Gail Williams liefert weitere Magick...
When I sit down of an evening and the first thing I read in a comic is a round of drinks being ordered, I know I’m in the right place. The right place in this issue is the Copper Shield pub - I'm guessing this is the local cop-shop for when the cops don’t want to be in the shop, as it were. And while half the team is watching the game on the big screen TV, not surprisingly the other half are talking about the bloated floater found last issue - Bruce Dunridge. And none of them seem overly sorry to hear that news.
One drink and Rowan’s off home, to find Alex on her doorstep. More is revealed about the hammer, the symbol of the Aira, and the importance in Rowan Black being faced by the now crispy Rowan White. Talk of the sinister hand of a murderer seems to suggest something called a ‘Hand of Glory’, but apparently no one in the coven knows how to make one and it’s deep (as in dangerous, possibly dark) magic. Alex thinks she can find out who sent White for Black if she can get the lighter White used, the one with the hammer symbol. Which, for Black, would be stealing evidence. When Alex leaves, she tells (well she orders) Rowan to set wards before she goes to bed.
Next day, Rowan buys a plain silver lighter, carves a rune on it, blows on the lighter and low and behold it glows. Somehow the swap isn’t noticed. Glowing here may not be a coincidence, me thinks.
Cut to a church. And priests speaking German. Thankfully they soon switch back to English, my German got about as far as “Ich komme aus London” being “I’ve come from London” and then fell down completely, and that was the second panel. What is revealed in the last pages is well worth the read - international man of mystery in a dog collar, could be interesting.
As ever the artwork here is fantastic. I particularly like the first view of Rowan’s grimoire collection and the effect over the house of the wards she sets. The last panel of the issue starts to tie in this new religious thread with the old pagan one and makes it all work nicely. This issue is more plot than action, and works well to illustrate the various personalities of the precinct and the depth of not only Rowan’s concerns, but Alex’s too. The new elements coming into the story look like they are going to add a great deal to the future of this comic.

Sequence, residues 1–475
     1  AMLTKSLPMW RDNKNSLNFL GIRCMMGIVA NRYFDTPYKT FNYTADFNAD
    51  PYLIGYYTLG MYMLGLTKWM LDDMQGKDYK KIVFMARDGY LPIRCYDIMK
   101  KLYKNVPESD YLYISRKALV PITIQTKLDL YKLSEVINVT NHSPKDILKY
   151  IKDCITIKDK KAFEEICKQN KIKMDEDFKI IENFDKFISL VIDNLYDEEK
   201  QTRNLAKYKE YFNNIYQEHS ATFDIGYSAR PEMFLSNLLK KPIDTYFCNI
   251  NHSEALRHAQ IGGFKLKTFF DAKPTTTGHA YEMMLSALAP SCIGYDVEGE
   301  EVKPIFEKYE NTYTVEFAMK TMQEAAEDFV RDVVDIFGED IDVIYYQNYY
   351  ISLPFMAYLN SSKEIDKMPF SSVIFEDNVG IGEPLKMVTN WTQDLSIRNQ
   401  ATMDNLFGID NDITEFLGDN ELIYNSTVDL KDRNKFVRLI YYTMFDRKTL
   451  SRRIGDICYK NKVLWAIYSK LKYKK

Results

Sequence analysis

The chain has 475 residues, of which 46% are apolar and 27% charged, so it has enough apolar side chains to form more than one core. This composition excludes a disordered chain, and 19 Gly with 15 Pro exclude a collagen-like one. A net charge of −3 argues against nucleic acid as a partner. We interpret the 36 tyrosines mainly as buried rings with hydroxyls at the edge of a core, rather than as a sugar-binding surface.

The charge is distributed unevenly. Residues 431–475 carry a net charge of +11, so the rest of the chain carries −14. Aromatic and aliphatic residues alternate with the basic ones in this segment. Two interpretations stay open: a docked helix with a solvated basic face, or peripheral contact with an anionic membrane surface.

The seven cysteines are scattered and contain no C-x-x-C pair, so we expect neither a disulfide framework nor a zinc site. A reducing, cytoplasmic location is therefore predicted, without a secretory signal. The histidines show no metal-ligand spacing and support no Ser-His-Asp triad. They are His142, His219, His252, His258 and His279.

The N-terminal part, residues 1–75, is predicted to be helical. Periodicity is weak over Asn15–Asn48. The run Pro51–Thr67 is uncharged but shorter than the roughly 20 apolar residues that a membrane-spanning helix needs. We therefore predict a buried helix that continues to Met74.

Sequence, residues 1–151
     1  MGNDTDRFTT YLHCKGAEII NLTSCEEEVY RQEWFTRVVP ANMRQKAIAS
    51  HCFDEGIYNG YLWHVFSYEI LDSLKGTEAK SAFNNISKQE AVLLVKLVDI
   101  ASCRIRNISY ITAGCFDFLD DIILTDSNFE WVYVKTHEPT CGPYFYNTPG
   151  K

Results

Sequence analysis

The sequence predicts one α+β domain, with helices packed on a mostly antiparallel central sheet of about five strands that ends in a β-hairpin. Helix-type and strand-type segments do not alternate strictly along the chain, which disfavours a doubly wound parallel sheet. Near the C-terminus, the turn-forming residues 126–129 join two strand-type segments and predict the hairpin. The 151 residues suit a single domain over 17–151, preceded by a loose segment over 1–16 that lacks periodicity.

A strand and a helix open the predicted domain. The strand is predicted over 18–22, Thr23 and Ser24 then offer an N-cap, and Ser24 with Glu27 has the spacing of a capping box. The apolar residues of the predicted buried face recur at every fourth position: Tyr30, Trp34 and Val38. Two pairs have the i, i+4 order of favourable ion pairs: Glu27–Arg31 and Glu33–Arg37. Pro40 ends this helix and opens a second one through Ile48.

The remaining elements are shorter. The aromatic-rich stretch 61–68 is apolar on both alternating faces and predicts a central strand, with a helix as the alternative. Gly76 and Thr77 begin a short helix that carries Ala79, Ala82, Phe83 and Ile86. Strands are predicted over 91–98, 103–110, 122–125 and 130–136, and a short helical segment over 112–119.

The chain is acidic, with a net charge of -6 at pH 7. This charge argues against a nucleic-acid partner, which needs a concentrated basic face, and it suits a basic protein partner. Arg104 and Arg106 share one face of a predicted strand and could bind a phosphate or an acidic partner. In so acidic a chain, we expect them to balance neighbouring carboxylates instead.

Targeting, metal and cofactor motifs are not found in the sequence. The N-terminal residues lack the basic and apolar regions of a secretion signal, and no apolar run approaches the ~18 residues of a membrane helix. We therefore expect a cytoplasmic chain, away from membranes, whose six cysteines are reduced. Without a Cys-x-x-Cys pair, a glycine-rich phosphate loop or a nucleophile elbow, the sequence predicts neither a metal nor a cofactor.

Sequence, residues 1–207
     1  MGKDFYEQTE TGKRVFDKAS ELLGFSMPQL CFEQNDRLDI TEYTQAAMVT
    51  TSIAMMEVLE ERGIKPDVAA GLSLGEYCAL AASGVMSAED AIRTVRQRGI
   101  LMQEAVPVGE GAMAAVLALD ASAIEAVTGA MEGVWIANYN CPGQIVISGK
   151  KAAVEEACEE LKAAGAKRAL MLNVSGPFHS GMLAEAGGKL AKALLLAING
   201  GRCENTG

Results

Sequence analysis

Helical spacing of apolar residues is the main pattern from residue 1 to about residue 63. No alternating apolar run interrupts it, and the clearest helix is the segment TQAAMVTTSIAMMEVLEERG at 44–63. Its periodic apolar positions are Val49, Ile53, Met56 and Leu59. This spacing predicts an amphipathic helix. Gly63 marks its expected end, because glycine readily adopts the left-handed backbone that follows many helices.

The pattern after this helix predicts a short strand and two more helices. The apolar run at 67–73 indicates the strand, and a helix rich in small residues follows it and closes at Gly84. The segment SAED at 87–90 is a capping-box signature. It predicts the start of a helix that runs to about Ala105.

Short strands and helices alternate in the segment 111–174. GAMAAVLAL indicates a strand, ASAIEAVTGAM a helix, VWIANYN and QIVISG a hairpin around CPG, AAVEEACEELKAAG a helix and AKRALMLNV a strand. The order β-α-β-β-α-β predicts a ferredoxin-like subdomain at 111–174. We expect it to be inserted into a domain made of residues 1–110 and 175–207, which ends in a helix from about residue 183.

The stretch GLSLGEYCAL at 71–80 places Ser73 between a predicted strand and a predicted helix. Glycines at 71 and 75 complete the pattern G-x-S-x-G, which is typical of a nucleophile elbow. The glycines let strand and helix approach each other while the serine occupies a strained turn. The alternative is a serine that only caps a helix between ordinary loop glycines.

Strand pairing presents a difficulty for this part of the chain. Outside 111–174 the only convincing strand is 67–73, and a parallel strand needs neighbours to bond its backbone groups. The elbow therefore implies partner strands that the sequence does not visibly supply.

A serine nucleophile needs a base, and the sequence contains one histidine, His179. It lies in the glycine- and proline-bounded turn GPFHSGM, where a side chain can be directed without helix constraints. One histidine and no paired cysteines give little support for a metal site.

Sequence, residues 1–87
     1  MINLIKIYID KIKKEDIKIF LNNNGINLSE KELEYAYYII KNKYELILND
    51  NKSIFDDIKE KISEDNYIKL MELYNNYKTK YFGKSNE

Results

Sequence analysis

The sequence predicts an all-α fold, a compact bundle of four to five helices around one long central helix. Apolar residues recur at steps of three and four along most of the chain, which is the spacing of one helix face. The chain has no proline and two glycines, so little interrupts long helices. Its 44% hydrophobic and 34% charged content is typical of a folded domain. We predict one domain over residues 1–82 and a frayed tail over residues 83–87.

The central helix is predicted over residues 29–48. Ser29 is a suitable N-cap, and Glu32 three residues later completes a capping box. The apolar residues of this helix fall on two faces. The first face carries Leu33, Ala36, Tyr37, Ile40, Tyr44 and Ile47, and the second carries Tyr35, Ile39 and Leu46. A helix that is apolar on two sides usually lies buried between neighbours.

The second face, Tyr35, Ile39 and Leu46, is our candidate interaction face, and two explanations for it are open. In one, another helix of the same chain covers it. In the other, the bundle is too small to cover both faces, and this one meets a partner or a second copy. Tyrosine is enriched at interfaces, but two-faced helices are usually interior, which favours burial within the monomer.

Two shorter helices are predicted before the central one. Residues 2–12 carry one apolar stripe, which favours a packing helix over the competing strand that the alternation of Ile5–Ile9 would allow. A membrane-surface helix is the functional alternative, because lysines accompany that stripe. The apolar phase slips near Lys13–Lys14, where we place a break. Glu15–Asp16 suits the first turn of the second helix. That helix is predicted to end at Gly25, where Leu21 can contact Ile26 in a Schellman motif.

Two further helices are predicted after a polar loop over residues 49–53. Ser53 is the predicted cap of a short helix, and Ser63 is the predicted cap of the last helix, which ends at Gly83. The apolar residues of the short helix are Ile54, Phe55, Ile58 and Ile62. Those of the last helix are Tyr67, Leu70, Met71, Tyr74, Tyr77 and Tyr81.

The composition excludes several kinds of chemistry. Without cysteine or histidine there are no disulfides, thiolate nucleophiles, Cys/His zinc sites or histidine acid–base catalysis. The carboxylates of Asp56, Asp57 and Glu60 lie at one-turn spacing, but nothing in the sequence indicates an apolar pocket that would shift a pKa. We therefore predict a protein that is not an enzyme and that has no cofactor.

One of the things people may or may not know about me, is that I’m a cat lover (no jokes about forty candles and forty cats please, I have a husband and two kids… yes, okay and a cat). So I know what moggies are like, familiar isn’t always the word. Rowan’s familiar is a lovely sleek black cat, who never has a speech bubble -- because despite what the cat ladies say, they don’t talk to you. Scream and shout till they get their way - yes, but they don’t speak -- still the cat gets its point across just the same, just like every cat I’ve ever known.
Loving this series. Four out of five, and that’s only because I have no idea was what being said for three whole pages as I didn’t want to type the German into Bablefish.
Gail Williams lives in her own private dungeon populated with all the weird and
the wonderful she can imagine. Some of it’s very weird, and the odd bits
and pieces are a bit wonderful. Well okay, she lives in Swansea with
her husband and daughter. And the world’s most demanding cat. To find
out more about Gail, check out www.gailbwilliams.co.uk - Dare you!